Whilst this is one of the oldest principles in copywriting, it is still one of the most important: tell the reader what’s in it for them. Many wise and venerable sayings have emerged in the world of marketing that make this very point, from Elmer Wheeler’s ‘Sell the sizzle, not the steak,’ to John Caples’s advice about emphasising ‘The world’s best lawn’ and not ‘The world’s best lawn seed.’ Direct-mail expert Victor Schwab even went as far as composing a little ditty on this very subject that ends:

‘So tell me quick and tell me true,
(Or else, my love, to hell with you!)
Less: how this product came to be
More: what the damn thing does for me!’

7. Say it in an interesting way

Communicate your message in an unexpected way and it will be more memorable, noticeable, and therefore, effective. The creative, surprising, and expressive use of language is central to the copywriter’s trade: words are there to be enjoyed and exploited, and when used well, messages become more noticeable and successful. So instead of saying ‘The car’s brakes are excellent in wet conditions...’ a 1987 Range Rover ad said, ‘We brake for fish.’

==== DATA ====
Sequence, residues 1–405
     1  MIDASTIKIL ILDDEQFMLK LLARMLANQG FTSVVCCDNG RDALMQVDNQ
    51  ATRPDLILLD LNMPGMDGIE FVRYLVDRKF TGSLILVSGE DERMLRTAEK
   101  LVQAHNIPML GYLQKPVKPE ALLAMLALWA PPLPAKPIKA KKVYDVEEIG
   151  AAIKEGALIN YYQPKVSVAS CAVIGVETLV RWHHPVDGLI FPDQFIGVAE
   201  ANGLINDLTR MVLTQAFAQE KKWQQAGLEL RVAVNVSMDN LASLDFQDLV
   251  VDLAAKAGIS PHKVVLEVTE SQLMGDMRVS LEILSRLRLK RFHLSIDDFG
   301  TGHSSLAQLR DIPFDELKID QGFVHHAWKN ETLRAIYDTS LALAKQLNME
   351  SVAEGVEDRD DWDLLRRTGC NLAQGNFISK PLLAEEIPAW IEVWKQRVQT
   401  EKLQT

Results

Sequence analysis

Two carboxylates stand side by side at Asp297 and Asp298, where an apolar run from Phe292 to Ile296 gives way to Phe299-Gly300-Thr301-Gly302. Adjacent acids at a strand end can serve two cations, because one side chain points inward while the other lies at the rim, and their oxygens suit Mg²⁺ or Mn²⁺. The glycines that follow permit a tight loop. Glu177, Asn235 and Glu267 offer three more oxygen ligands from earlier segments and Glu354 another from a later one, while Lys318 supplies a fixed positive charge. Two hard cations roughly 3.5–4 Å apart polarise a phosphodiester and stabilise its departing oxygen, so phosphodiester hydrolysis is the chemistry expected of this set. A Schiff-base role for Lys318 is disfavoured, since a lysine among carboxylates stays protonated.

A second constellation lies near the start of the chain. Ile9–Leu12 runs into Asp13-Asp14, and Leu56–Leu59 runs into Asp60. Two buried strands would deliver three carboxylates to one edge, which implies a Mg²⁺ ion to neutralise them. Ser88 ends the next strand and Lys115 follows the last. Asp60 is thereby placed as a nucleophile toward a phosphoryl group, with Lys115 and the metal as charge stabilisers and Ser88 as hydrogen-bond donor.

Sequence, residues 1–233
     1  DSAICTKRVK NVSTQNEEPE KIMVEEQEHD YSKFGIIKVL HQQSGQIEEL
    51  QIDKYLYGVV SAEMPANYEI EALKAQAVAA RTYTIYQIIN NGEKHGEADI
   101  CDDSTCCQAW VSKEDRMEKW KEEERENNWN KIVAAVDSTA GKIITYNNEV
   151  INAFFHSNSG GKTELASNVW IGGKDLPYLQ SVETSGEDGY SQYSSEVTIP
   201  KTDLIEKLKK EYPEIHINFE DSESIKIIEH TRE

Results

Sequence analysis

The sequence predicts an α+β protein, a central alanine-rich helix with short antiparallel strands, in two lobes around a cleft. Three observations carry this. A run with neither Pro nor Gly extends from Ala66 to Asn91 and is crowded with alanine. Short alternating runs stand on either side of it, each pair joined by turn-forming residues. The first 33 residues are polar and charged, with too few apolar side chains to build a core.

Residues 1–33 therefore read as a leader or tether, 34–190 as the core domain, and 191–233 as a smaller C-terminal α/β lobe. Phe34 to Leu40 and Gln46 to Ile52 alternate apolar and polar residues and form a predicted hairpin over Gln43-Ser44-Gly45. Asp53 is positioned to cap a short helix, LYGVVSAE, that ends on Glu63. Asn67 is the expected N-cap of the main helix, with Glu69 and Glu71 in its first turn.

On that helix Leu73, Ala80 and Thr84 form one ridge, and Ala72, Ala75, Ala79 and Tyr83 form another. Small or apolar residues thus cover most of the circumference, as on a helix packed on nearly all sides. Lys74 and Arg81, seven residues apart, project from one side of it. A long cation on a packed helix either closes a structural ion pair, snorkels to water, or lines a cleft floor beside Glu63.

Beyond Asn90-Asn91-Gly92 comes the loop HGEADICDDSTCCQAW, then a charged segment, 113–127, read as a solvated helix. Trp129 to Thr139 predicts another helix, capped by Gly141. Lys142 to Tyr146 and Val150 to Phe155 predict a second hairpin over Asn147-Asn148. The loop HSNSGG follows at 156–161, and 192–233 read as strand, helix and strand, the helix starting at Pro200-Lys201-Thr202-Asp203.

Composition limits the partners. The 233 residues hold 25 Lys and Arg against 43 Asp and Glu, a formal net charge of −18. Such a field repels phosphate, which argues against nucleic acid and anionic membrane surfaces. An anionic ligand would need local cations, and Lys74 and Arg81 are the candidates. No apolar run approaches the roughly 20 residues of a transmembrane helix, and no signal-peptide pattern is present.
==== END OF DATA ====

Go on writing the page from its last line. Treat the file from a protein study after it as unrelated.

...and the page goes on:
8. Write the way that people speak (but speak well)

If you understand your audience, you will know how they speak. You audience must feel that the client is talking directly to them. And the key word here is ‘talking’. Using language, structure and syntax that feels as natural as speaking, will always be easier for the audience to read. At the same time, it’s important for the copywriter to pay attention to the form of their words. When we speak, we unconsciously vary the length of our sentences, and when we write we should aim to do the same. Always use the language of the reader, not the client. And that can often involve using words, sentence structures and techniques often considered ‘improper’ by GCSE English teachers. (Soz Mr Moffat.)